Tucatinib and ONT-993 were found to be detectable in the cerebrospinal fluid of all patients with leptomeningeal metastases from HER2-positive metastatic breast cancer who received treatment with tucatinib plus trastuzumab and capecitabine.
Tucatinib (Tukyska) and ONT-993 were found to be detectable in the cerebrospinal fluid (CSF) of all patients with leptomeningeal metastases from HER2-positive metastatic breast cancer who received treatment with tucatinib plus trastuzumab (Herceptin) and capecitabine (Xeloda), according to data from the phase 2 TBCRC049 trial (NCT03501979).1
This is the first documented evidence of tucatinib distribution into the CSF in this patient population, according to Debu Tripathy, MD, and this finding could have potential clinical implications for other cancer types with HER2 positivity.
Data from a pharmacokinetic analysis of the first 15 patients included in the investigator-initiated phase 2 trial showed that tucatinib and ONT-993 concentrations within the expected range and had high interindividual variability, following receipt of 300 mg of tucatinib. Moreover, CSF concentrations in cycle 1 ranged from 0.57 ng/mL to 12 ng/mL for tucatinib and from 0.28 ng/mL to 2.0 ng/mL for ONT-993. In cycle 2, these concentrations ranged from 0.94 ng/mL to 25 ng/mL for tucatinib and 0.31 ng/mL to 4.7 ng/mL for ONT-993.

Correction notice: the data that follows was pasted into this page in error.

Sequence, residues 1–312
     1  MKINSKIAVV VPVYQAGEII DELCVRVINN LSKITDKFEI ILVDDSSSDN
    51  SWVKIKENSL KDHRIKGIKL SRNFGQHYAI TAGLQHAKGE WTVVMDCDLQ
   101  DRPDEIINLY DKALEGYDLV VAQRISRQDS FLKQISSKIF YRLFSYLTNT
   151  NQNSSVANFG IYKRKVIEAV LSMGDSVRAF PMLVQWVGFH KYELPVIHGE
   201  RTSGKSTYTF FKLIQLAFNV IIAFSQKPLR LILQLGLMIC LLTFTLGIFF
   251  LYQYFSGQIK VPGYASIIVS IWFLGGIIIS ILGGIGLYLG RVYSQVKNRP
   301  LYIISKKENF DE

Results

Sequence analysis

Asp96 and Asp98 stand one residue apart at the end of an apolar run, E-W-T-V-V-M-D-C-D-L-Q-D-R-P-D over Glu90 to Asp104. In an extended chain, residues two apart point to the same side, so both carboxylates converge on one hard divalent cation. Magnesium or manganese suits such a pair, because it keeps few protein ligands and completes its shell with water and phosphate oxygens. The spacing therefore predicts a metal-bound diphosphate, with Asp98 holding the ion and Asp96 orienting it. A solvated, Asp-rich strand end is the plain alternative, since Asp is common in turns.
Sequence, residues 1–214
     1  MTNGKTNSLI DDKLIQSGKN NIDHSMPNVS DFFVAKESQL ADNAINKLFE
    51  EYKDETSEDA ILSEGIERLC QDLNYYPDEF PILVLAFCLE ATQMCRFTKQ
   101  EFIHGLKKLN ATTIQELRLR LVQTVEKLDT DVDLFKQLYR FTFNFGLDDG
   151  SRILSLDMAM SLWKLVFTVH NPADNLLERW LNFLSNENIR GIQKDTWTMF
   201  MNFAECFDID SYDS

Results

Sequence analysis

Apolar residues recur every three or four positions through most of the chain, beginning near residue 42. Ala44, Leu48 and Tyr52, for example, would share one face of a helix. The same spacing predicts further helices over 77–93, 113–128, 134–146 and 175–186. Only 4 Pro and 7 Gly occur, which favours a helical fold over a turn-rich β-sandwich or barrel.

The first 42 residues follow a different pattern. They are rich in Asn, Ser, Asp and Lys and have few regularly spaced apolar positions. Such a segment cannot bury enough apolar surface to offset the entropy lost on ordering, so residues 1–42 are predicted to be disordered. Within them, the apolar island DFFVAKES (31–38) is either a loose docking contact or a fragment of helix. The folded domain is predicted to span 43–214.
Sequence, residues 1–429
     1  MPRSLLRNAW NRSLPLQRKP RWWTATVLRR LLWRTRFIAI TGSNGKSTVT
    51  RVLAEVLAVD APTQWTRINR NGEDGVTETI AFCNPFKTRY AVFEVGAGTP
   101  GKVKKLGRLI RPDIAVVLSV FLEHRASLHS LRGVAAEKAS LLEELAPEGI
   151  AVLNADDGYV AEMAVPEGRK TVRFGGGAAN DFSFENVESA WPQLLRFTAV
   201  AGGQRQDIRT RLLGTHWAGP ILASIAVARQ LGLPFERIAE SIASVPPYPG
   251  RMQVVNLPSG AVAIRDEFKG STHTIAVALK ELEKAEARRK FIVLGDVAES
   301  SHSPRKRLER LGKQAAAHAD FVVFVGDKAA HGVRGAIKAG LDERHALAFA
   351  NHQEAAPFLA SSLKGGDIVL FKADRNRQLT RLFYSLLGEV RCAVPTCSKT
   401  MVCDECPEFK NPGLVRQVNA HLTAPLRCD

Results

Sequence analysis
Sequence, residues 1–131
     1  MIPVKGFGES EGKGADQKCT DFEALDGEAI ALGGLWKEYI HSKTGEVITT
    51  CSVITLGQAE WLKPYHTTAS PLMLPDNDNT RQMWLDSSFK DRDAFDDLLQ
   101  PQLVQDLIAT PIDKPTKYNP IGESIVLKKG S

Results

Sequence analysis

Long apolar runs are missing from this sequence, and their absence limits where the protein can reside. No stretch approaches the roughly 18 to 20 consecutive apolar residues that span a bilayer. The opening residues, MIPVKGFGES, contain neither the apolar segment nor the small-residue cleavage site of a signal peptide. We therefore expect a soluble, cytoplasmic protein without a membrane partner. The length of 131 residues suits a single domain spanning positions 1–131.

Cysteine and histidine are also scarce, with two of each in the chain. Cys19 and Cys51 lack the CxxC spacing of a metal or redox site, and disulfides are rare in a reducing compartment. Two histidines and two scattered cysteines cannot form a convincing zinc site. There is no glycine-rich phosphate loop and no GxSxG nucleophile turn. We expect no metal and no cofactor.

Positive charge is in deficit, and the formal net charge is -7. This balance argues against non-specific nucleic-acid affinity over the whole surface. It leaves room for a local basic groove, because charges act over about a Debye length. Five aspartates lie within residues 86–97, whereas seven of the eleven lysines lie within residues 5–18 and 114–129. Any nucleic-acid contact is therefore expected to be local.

Tucatinib concentrations in the CSF per time point following 300 mg of the agent were not found to significantly fluctuate with time. Moreover, these concentrations in the CSF were found to fall within a similar rang to plasma tucatinib concentrations over time. The median ratios for cycle 1 and cycle 2 were 0.60 (range, 0.17-2.0) and 0.83 (range, 0.19-2.1), respectively.
“This is a unique study, as we not only looked at the efficacy of this novel combination, which already has shown activity in [patients with] brain metastases, but we also performed pharmacokinetic studies, which are generally very difficult to do,” Tripathy said. “We wanted to see whether the drug enters the CSF, what its time course was in the blood, and what percentage of it makes it into the CSF.”
In an interview with OncLive®, Tripathy, professor and chairman in the Department of Breast Medical Oncology, of the Division of Cancer Medicine, at The University of Texas MD Anderson Cancer Center, further discussed the pharmacokinetic findings of tucatinib plus trastuzumab and capecitabine in patients with HER2-positive metastatic breast cancer with leptomeningeal disease and future directions for research.
Tripathy: Patients with metastatic HER2-positive breast cancer have a fairly high incidence of developing brain metastases. As many as 50% of these patients, over some course of their treatment, [will] experience [these] metastases. In some cases, this involves a particularly aggressive form of [disease] known as leptomeningeal disease; this involves the meninges and typically, one sees positive cancer cells in the CSF. This [disease] tends to have an even worse prognosis than intracranial metastases.
In the phase 2 HER2CLIMB trial [NCT02614794], which led to the approval of tucatinib, the addition of the agent to the backbone of capecitabine and trastuzumab was tested in patients with metastatic breast cancer. [The trial] even allowed [the enrollment of] patients with untreated brain metastases who did not receive local treatment but had minimal symptoms.